Losing 14-0 late in the second quarter, Smith elected to punt instead of trying a 49-yard field goal by Robbie Gould, the fifth most accurate kicker in league history. Gould was three of four in tries over 50 yards this season.

You have to put some points on the board at that time and Smith elected to punt. The net gain for the Bears ended up being just 11 yards because punter Brad Maynard ended up kicking it into the end zone.

The Bears were fortunate to only be down by 14 at the half because the Packers marched up and down the field at will. Only another "lucky" play kept the margin from being larger.

Lance Briggs intercepted a pass intended for Donald Driver that hit Driver's shoe and bounced into Briggs waiting hands at the Bear 40 with around a minute or so left.

Cutler suffered an injury late in the first half and had to leave the game early in the third quarter.

So off the bench comes second-string quarterback Todd Collins.

He had one start this year when Cutler sat out the Carolina Panthers game with a concussion. Collins was intercepted four times in that game and was dropped to third-string.

For some strange reason, after the bye, he was elevated to the back-up while Caleb Hanie was dropped in the rotation.

Anybody who watched that game could see that Collins in no way belonged on a football field. The Bears played Collins for two sets of downs before he was mercifully pulled out of the game with Hanie taking over.

When asked after the game about putting Collins in instead of Hanie, Smith replied, "We thought that Todd should be the next one up."

Whether that was Smith's call or offensive coordinator Mike Martz's doesn't matter, because as the head coach, Smith has final say.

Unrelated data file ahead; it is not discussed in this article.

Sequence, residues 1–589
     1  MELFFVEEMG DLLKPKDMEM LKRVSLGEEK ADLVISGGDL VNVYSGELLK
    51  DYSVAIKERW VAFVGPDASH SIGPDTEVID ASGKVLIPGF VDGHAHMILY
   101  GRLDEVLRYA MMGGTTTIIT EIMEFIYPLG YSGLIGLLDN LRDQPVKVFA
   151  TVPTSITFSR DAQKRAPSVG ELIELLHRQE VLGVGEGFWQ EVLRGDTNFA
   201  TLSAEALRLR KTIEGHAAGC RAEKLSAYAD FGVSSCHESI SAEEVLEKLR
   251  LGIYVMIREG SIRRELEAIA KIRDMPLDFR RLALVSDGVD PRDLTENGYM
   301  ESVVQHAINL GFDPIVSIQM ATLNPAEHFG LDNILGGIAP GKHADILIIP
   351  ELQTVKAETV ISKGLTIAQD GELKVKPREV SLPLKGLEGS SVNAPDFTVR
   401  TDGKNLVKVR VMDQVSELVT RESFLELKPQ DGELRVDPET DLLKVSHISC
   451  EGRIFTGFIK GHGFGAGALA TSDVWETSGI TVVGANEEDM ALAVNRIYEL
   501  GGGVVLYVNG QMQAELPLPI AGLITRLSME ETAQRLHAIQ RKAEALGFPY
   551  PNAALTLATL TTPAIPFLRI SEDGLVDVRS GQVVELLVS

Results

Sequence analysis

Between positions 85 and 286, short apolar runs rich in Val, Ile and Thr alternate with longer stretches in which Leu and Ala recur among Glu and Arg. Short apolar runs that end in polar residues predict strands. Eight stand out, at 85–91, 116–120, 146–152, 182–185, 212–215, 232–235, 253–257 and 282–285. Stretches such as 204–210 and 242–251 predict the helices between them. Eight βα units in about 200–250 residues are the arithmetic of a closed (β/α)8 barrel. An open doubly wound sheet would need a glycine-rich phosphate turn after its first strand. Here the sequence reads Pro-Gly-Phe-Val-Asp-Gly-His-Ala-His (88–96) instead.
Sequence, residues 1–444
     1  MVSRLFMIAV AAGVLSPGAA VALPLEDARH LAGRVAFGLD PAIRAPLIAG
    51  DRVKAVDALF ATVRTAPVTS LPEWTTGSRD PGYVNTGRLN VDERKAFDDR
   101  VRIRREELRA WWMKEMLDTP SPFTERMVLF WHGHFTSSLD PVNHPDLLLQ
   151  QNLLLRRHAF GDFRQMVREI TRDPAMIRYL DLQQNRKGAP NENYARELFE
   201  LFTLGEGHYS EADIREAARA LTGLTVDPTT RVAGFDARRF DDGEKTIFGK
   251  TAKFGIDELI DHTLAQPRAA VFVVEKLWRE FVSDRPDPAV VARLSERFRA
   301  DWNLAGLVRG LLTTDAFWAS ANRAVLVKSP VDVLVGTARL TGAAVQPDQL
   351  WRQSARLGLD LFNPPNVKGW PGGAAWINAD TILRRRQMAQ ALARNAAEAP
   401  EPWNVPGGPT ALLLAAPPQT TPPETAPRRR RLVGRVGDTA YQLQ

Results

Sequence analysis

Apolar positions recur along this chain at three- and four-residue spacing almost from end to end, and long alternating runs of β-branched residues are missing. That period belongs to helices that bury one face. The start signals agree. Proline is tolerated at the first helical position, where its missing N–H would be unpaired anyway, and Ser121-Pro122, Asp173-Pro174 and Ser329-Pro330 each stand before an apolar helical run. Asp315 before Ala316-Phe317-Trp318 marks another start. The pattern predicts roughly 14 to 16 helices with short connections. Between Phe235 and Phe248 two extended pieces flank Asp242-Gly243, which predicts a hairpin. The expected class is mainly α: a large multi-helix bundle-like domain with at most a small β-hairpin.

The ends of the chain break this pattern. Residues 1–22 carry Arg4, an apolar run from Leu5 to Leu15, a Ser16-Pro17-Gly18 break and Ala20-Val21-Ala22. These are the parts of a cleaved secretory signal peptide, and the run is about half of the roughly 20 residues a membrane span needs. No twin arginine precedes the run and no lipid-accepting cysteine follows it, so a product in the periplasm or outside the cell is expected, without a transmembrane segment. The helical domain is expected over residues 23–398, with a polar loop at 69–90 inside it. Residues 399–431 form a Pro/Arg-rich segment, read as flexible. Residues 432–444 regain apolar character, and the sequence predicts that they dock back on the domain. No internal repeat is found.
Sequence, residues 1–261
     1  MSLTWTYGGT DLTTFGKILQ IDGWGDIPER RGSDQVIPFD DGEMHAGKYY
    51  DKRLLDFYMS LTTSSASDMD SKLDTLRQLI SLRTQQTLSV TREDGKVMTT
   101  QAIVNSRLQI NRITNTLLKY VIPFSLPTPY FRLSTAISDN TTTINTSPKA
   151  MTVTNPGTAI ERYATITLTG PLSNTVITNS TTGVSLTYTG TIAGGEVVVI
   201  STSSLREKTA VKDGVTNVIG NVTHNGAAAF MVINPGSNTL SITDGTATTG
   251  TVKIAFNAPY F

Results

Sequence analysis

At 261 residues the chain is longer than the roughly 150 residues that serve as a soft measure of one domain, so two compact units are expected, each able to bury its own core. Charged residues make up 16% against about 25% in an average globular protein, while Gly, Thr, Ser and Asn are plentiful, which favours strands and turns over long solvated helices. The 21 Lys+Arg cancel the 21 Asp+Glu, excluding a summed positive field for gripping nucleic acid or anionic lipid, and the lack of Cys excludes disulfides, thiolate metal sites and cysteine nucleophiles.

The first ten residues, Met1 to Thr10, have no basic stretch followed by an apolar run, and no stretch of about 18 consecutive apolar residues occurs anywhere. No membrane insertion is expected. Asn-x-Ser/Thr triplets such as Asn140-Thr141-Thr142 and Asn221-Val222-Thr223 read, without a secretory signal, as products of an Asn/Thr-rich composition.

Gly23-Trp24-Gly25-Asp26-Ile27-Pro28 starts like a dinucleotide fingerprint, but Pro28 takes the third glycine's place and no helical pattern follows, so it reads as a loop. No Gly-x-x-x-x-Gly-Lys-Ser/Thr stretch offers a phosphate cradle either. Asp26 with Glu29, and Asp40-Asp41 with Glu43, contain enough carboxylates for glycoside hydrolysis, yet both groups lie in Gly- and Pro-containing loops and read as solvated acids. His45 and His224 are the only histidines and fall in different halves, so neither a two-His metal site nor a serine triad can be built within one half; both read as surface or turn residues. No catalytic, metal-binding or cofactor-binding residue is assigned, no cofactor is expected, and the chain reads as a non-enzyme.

Hanie actually rallied the team twice to within a touchdown, before Lovie did his thing again. He called a timeout on 3rd-and-3 with the Bears on the Packer 27. It looked like running back Matt Forte was going to run for a first down until that call stopped the action.

The resulting play was an end-around by Edgar Bennett, the Bears' slowest receiver, and lost two yards to set up 4th-and-5 before Hanie threw an interception to end the hoped for miracle finish by the Bears.

That timeout gave the Packers time to strategize and end their Super Bowl dream.

After the game, former Chicago Bears Ed O'Bradovich and Doug Buffone did their post-game radio show on the Score in Chicago.

O'Bradovich said, "They didn't look like they came out ready to play."

Buffone added, "Anytime you have a team start out that slow, you have to put a lot of it on the coaching staff."

The Bears came out slower than Lovie talks.

Buffone then talked about the defense, Lovie's domain, and said, "Do something different."

The problem is that he's stubborn and doesn't know another defense. They might tweak things once in a while, but it's still the same outdated base defense that he goes back to.

Along with other Bear fans, I was disappointed in the Bear loss to the Packers yesterday, but I was far more disappointed listening to Angelo today that he is bringing Lovie Smith back.

Angelo will probably extend him through 2013, the same contract that Angelo and team president Ted Phillips have.

I could take losing the one game yesterday, but I don't know how I'm going to be able to survive the next three seasons with Smith coaching the team.

Can you?